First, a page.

He succeeded in most aspects of his tasks. I don’t know what kind of manager he would be in normal times. But he learned a lot.”
Looking back, Mevorach said the dispute should not have gone on so long and added that the strike of several weeks against management and in protest of government policies regarding HMO “was devastating and very damaging.
Important doctors have or will leave, as have some nurses.
“If doctors leave, they will be replaced by others. Every bad thing can also lead to renewal. We want staffers to remain because it is good for them.”
As for gains at the competing Shaare Zedek Medical Center, Mevorach said he wishes it success and development, as “competition in the quality of medical services is very healthy and will serve Jerusalemites.”
Asked whether he personally lost in the long run, Mevorach said his salary has been reduced by 10 percent, but “a more important loss was a four-month delay in my research on three immunological diseases I discovered in children.”
A major achievement for HMO, according to management sources, was that after many decades, the government has recognized that hospitals owned by voluntary organizations deserve to be valued and supported, and that they are also the business of the state that received medical facilities and service from the charitable organizations.
This could serve as a legal precedent in any future eventuality of financial crisis in voluntary hospitals.
The government did not approve the HWZOA and HMO proposal to set up a separate private hospital on the Ein Kerem campus, in one of the buildings vacated for the new hospitalization tower. Such a building, they proposed, would be the site of private medical services (Sharap) carried out by senior physicians in afternoons and evenings rather than its continuation in regular departments.
Avi Nissenkorn of the Histadrut said he was involved in bridging the dispute because “I saw only one task, to save Hadassah and prevent its dismantlement. I want to cite the responsibility and maturity of the staff throughout the negotiations while making very painful concessions.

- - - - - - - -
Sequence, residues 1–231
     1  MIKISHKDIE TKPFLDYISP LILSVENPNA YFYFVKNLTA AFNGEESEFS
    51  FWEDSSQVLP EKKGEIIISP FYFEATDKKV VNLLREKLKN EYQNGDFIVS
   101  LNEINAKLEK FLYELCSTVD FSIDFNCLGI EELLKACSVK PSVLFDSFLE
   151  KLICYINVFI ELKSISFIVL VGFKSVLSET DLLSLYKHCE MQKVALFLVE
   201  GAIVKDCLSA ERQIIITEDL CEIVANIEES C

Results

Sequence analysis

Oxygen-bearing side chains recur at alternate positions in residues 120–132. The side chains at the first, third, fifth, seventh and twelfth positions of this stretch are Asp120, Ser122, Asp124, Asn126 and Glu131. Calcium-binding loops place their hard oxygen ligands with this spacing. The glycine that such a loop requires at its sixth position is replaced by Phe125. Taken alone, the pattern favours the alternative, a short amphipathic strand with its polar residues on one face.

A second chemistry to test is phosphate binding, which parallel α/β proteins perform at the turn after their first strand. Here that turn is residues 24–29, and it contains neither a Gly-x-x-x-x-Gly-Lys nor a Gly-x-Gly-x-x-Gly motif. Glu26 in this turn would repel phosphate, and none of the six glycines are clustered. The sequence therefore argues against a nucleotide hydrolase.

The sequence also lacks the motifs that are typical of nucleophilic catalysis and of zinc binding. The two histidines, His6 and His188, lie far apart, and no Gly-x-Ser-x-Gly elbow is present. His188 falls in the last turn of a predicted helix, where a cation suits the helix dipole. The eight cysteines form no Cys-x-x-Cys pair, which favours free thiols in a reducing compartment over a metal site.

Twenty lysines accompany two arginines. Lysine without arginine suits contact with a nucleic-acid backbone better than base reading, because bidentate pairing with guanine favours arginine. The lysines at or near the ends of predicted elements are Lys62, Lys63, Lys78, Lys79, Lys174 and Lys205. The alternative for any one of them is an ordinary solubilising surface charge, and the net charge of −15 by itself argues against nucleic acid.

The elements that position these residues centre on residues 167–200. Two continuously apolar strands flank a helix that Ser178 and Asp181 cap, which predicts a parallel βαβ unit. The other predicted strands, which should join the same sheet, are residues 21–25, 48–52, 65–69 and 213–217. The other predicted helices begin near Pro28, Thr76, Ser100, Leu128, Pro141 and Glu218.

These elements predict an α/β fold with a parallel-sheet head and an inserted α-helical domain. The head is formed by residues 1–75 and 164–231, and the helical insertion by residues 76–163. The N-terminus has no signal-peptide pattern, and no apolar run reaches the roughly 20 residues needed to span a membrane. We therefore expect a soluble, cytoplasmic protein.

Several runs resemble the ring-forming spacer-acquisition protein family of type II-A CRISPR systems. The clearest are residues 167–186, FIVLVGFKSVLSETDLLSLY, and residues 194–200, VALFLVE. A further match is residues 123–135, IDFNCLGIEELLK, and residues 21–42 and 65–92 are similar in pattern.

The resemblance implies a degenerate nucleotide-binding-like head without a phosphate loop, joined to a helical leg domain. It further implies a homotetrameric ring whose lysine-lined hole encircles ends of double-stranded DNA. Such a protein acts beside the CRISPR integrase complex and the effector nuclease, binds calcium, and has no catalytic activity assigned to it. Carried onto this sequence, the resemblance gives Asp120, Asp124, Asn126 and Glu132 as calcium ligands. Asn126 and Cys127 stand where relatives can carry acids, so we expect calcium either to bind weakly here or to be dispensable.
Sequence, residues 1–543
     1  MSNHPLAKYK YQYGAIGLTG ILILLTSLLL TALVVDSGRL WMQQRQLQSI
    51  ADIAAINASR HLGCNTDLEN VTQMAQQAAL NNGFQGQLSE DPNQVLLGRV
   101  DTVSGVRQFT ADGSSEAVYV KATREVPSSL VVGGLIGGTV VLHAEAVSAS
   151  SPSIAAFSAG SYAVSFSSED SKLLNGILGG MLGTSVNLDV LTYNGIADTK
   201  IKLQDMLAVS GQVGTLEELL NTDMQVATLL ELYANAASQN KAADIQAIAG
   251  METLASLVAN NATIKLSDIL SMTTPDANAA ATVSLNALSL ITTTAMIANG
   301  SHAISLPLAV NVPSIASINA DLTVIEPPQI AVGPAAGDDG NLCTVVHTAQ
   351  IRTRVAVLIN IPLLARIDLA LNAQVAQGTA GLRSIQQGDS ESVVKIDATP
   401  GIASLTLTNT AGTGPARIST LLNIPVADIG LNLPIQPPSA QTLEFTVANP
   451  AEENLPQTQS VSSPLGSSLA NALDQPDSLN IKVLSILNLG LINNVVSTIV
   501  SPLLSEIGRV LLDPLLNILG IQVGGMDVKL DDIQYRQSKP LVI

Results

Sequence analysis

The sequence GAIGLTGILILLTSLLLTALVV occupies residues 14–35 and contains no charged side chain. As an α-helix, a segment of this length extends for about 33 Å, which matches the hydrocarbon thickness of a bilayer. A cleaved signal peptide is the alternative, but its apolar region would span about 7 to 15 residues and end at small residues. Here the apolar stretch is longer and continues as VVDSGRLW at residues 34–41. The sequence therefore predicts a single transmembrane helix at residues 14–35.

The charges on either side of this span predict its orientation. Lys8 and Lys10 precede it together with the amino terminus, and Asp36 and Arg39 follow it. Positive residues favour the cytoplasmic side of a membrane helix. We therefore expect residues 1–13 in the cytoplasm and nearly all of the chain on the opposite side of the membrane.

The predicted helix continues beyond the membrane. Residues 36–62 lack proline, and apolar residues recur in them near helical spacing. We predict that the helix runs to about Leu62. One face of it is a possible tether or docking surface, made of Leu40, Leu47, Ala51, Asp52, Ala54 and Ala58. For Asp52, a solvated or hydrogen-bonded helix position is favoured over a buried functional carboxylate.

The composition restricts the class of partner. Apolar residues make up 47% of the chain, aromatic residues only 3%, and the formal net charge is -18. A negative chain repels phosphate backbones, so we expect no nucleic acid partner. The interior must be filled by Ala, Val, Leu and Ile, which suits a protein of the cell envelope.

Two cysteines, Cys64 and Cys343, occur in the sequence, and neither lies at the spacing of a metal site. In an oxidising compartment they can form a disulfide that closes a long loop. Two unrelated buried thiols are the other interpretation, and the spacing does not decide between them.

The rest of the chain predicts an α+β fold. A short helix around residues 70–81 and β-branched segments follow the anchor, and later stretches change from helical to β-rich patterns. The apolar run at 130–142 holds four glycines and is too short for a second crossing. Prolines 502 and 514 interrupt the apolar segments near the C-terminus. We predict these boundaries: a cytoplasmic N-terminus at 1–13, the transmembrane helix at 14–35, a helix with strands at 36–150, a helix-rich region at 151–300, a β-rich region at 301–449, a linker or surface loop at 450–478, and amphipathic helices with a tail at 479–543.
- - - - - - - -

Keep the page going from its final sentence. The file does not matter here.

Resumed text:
After the court approves the agreement, all must join hands together for the success of HMO as one of the leading medical institutions in the world.”
A government source close to the negotiations said that “we didn’t enjoy the talks.
It’s very complicated to get approval. It probably could have ended earlier, but there is an internal clock in each dispute.
HMO is a vital institution, and there is no alternative to it. The state does not run voluntary hospitals. We won’t control HMO.
The management has that responsibility.
Problems at HMO were ignored for many years. There was arrogance, even megalomania and a feeling that money could be spent freely because HWZOA had deep pockets. Now things will be different.”
Michal Shalem, the chief of staff at the Jerusalem Municipality, told the Post that resolving the long dispute was very important to the mayor, who worked many days and nights behind the scenes.
“There is no Jerusalem without Hadassah. HWZOA was sometimes treated badly.
Now we hope there will be a true partnership between HWZOA and the government. Thought must be given to build a business plan to run HMO without deficits,” she said.
In the Knesset Finance Committee’s session on Monday summarizing the HMO’s problems, Bayit Yehudi MK Nissan Slomiansky, said his committee will continue to follow up on the issue after the recovery plan is implemented.
He called on the Treasury and the government in general to avoid a similar crisis in other hospitals around the country so they too will not be plunged into crisis like HMO.
“Such crises can be prevented in advance,” he said.
Prof. Arnon Afek, who will become director- general of the Health Ministry in 10 days and until now has headed its medical branch, said that choosing the board of directors, setting down the new management framework and preserving excellence at HMO will now proceed.
The issue of Sharap will continue to be discussed at the ministry, he added.
United Torah Judaism MK Moshe Gafni concluded that the public health system cannot be preserved without government infusion of money.
“When they don’t want to give money, in the end they have to give a lot more money because they didn’t do it in time. I oppose the idea of an HMO supervising accountant, as it is an obsession of the Treasury to do so when it gives money.”